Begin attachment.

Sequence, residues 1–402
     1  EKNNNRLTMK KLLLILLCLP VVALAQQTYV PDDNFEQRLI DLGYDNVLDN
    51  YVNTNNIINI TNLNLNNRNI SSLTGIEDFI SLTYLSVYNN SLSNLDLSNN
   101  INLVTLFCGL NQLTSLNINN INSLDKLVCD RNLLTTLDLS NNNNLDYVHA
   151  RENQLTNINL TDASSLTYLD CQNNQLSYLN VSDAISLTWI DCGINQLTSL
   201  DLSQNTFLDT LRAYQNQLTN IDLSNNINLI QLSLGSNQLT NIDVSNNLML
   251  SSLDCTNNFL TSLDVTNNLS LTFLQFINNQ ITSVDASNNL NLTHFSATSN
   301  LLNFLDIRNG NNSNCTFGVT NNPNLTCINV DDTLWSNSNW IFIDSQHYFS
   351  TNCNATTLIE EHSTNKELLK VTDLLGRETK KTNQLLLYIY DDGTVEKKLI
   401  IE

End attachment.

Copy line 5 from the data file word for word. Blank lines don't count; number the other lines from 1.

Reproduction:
   151  RENQLTNINL TDASSLTYLD CQNNQLSYLN VSDAISLTWI DCGINQLTSL